Saturday, January 26, 2008
I love these rock formations in the Chiricahua Mountains of Arizona. I'm not sure why they're called hoodoos but the term seems perfect. I'm now exactly half a year's rotation from the trip that included this hike and it's time to finish the story that I started then, a novella. It's funny to think that I was carrying pieces of the story under my hat then that had not yet found the page. The trip was actually an MFA workshop with five other writers and a professor. You can see things in and among those hoodoos. Click on the picture to blow it up and take a good look. What do you see?
Wednesday, January 23, 2008
The current stock market volatility (roller coaster style) is cyclical (but unpredictable) and it feeds media frenzy in the same manner as a hurricane, earthquake or tsunami. My demographic puts me in the class of an investor somewhat reliant in the future on the integrity of a system that has some loathsome aspects. Many of the decisions that affect the direction of the market are made by Wall Street professionals whose goals are extremely short term. What profit can be turned today? What scheme will result in a big return for those closest to the deal? The long horizon of the rest of "us" is not primary. Many folks who don't even think about the stock market are affected by it. Teachers and professors count on pensions that are in large part tied into the stock market. As to the individual investor, in order to outpace inflation, one just about has to have some savings invested in equities (stocks). Relatively safe money market funds do not beat inflation. The tragedy of these big drops is that tons of folks who can least afford losses panic and cash out rather than gritting their teeth to wait for the next up cycle. If an investor has a diversified portfolio and can resist the urge to try and time the market fluctuations, patience is the primary strategy. For those inclined toward Vegas type thrills, timing the highs and lows provides the same kind of rush and, often, the same result at the end of the day. Busted!
Monday, January 14, 2008
My last post may have given the impression that I was exclusively a dog person. Not so! Here are two guys, Woody and Lucky, that share our home along with our Benji-looking mutt, Casey. Lucky gained his name from circumstances. First, he was the "outside cat." He showed up one day as a pencil-thin stray kitten hiding under our deck. We had two cats already and decided to take him to a humane shelter for adoption. On the way (on the freeway), he pooped in his crate and when my wife stopped to extricate him to clean up, he bolted through her hands, but she caught him by a hind foot and held on; otherwise, he'd have been into the bush and probably never seen again. When she arrived at the shelter, it was closed. So, he was returned to our home and we decided he was simply a lucky cat. It was spring and we fed him and enjoyed his company on the deck everyday. When November arrived, we let him in the house and he decided that's where he would stay (at first, not a popular move in the eyes of our two older, now departed, indoor felines though they "accepted" him within a few weeks). The other guy is Woody. Anyone have an idea what kind of cat he might be? He's a mix and looks like his dad who we were told was not Siamese.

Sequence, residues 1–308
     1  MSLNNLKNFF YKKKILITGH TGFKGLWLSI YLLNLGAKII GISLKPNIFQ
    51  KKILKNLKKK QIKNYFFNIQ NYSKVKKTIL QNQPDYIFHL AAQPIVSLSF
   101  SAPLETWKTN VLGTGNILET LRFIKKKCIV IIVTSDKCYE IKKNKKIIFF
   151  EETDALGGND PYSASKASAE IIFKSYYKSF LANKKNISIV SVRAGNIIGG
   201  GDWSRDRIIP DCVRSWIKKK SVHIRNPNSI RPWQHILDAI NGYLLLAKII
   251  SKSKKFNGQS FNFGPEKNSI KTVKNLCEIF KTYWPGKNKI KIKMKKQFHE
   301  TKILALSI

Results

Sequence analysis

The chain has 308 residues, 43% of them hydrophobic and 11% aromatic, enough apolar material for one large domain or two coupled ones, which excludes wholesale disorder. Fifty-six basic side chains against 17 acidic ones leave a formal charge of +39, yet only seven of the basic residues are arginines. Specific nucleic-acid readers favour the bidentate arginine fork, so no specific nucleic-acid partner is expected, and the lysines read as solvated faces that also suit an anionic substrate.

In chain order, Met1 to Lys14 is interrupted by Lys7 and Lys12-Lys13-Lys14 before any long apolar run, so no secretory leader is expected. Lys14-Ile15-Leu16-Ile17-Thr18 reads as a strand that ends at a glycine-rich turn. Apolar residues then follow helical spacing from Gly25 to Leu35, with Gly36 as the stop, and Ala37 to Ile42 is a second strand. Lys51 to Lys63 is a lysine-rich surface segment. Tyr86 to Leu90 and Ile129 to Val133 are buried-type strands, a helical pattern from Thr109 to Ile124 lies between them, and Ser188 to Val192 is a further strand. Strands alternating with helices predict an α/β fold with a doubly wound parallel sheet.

Thursday, January 10, 2008
Merle's Door by Ted Kerasote is a great read-but then I am commenting from the perspective of dog person and outdoor enthusiast. The book opens with the author encountering Merle at a put-in for a long river run. He gives Merle, then an eight month old stray but friendly pup, the choice of accompanying the group. Merle chooses and the two are together for the next thirteen years. The author lives near Jackson Hole, Wyoming and the book is laced with tales of hikes and hunts (he characterizes himself as an ethical hunter and says the only meat he eats is that which he has hunted). He makes his living as a writer and his work has appeared in several national publications (e.g. Outside). His home is not actually Jackson Hole (where Dick Cheney owns a spread) but Allen, a smaller settlement for the relatively impecunious. Some dog training lore and researched speculation on the evolution of canid domestication is interspersed but not to a point of distraction from the primary narrative, Kerasote's relationship with Merle. Oh, don't worry, there is also reasonable devotion to the presence of human friends and a little about his love life.